Now, I know this post may seem really obvious but I was surprised by a few people mentioning on twitter that they feel like their book reviews were lacking and that a lot of people would find a post like this helpful. I’m no expert on writing book reviews, far from it. I reviewed books for long enough to establish a voice and understand what makes a good book review. So if you need tips for writing book reviews, you’re in the right place!
Everyone has their own voice and does book reviews in their own way and it’s always great to read reviews which are in different formats and written in different ways. But there’s always a few concrete things you should think about when writing them to make them easier to read and digest. If you’re completely new to this game, check out my blog post about how to become a book reviewer to get started on your book blogging journey!
Of course owning a book blog doesn’t have to just be about the reviews! If you want to expand and write more bookish content, here are 25 book blog post ideas for you to use to get the creative juices flowing! But let’s get into the post and talk about tips for writing book reviews to make your reviews as amazing as possible!
10 Tips for writing book reviews:
1. Leave links to purchase the book
I know Amazon is never too far away but it makes things a lot easier if you leave links to the book you’re reviewing in your post. This might sound lazy but people are much more likely to purchase the book if your review can take them straight to where they can buy it instead of opening up multiple tabs and having to search for it. Which will often lead to getting distracted by videos of singing cats or something.
2. Write in short-ish paragraphs
During a Twitter chat the other day where we were discussing blog posts and what makes you want to keep reading, a surprisingly lot of people mentioned short paragraphs and from my experience, the same applies for book reviews. Reviews are generally long and it breaks it down and makes them a lot easier to read if you write in short paragraphs.
3. Don’t rehash the plot
Rehashing the entire plot and saying very little about what you actually thought about the book is a massive no go. A paragraph at most will very much suffice in telling us what the book was about – it shows you read it thoroughly without giving too much away. We want to hear your thoughts not a retelling of the book.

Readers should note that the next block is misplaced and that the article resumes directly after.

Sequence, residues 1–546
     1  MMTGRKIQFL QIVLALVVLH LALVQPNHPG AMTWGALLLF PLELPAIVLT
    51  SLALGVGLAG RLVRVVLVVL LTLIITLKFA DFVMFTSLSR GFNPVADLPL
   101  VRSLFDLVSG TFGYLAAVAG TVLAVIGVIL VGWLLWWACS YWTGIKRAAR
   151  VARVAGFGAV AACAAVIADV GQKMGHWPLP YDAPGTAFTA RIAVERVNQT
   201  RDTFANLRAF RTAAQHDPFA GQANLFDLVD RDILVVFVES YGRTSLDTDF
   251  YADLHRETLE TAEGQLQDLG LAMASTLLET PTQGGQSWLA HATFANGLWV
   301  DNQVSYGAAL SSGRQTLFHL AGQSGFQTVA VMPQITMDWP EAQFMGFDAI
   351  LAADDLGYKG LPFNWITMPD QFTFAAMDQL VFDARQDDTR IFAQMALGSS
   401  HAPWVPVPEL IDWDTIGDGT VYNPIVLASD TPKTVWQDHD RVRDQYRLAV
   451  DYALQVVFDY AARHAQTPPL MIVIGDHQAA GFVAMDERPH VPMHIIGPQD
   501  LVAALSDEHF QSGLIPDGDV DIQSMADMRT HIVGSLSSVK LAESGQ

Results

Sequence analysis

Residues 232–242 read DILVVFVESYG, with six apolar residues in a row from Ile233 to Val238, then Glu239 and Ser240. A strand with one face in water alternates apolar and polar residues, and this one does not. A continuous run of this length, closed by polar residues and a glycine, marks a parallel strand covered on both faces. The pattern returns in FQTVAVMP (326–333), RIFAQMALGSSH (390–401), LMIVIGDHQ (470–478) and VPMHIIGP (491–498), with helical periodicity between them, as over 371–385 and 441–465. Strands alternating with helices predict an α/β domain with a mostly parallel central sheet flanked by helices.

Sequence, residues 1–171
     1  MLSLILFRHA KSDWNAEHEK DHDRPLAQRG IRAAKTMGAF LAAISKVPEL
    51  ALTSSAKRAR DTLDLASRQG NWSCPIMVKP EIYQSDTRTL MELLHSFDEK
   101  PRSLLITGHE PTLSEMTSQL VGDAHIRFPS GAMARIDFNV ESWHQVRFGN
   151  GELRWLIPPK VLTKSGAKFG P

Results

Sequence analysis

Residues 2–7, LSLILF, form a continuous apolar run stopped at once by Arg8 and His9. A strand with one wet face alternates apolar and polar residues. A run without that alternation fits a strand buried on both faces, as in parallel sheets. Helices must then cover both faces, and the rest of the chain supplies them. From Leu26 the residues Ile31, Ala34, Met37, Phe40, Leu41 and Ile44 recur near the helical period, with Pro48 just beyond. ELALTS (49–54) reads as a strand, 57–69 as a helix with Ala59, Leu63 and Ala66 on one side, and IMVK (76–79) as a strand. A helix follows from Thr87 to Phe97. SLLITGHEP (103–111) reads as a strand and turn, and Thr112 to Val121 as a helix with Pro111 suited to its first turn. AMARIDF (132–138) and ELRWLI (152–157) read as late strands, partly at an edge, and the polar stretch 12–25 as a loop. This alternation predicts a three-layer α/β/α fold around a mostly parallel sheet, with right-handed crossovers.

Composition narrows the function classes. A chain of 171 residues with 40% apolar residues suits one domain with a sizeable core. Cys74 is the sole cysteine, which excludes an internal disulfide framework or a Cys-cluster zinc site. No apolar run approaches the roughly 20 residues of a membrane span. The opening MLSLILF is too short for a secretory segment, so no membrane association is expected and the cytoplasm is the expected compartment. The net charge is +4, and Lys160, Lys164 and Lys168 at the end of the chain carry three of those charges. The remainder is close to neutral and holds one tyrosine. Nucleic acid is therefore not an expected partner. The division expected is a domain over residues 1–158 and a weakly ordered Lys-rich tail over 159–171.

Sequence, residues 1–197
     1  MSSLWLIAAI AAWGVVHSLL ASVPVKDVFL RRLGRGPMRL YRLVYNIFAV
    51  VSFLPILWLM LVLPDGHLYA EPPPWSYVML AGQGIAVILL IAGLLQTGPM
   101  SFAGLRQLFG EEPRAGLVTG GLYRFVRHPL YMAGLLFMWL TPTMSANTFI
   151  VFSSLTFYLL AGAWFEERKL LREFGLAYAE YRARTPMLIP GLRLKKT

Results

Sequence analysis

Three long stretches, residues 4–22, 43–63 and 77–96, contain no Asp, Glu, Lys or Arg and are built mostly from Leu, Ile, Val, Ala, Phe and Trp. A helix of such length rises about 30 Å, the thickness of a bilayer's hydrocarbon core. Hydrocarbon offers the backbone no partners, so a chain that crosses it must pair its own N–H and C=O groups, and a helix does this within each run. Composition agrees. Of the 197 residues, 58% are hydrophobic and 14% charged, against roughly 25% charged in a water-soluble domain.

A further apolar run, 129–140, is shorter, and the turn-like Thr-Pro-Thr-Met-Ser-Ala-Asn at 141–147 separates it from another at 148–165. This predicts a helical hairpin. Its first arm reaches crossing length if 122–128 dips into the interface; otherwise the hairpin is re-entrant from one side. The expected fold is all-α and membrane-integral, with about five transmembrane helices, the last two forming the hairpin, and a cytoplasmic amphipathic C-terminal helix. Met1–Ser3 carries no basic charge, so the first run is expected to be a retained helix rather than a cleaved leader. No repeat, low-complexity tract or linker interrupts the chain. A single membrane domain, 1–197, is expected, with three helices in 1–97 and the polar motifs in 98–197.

4. Be yourself
If you have a blog, chances are you have your own “voice” which people will come to recognize so you don’t have to write book reviews like anyone else or write professionally if that’s not your style. If it means a lot of raving about a book you loved, then go for it! It’s great to see emotion and enthusiasm about a book come out in a review.
5. Mention if there are spoilers in your book review
This is important and I’ve heard so many people since I started book blogging say how annoying it is when everything that happens in a book – all the twists and turns are in plain sight in a review without any warning. Spoiler reviews are fine because there’s bound to be people reading your review who have already read it. But please mention it at the beginning!
6. Don’t attack the author
You’re reviewing the book, not the author. So try and keep it that way. I know it’s frustrating when you hate a book and it’s so hard to review a book you actively disliked but try and talk about the book and only the book.
7. Include a rating system for your book reviews
Stars, cupcakes, Tom Hiddleston’s, choose a rating system to give the reader of your review some information about what to expect in your review. If it’s a book they really want to read and they see you’ve given it 5 glowing stars, they’ll want to know why. Similarly, if it’s a book they really want to read which you’ve given 2 stars to, they’re going to want to know what went wrong.
8. Take notes but not too many
I know a fair few people who don’t like taking notes for book reviews because it makes it feel like a “job”. Which I totally understand and by notes I don’t mean a 2 page essay every two chapters about the meaning behind the colour of the curtains in the main characters bedroom. But if, while you’re reading, a word or sentence pops into your head which you’d like to use in your review, note it down on your phone so you don’t forget.
9. Be constructive, not destructive
Even most 5 star reviews will have the odd thing in them the reader wishes was different. We want to hear everything; what you did and didn’t like but we don’t really want to hear you mouthing off about it. Be constructive in your criticism, why didn’t you personally like it? Because chances are, if you didn’t like a book because it featured too much romance in it, a romance fan will love it. So not all criticism is bad.
10. Be honest
I think the most important point of all. Honesty really is the best policy and book reviews are your opinions, so that’s what we want to hear. Your God’s honest opinion of the book you just read. If we’re thinking of buying the book ourselves especially, we want to read a genuine opinion.
I also had a question from author, Liz Fenwick on Twitter asking whether from the writers point of view, should they comment on our reviews. I can’t speak for every book reviewer in the world, but personally I love it when an author comments on my review. If not a comment, then definitely a little tweet. It’s always nice to see your review is appreciated. If it’s a bad review however, then maybe a message in private to say thanks for your honesty.
Those are all my tips for writing book reviews! I hope you found this post helpful. If you have any other questions or want to leave some of your own tips, please comment below, I love hearing your feedback!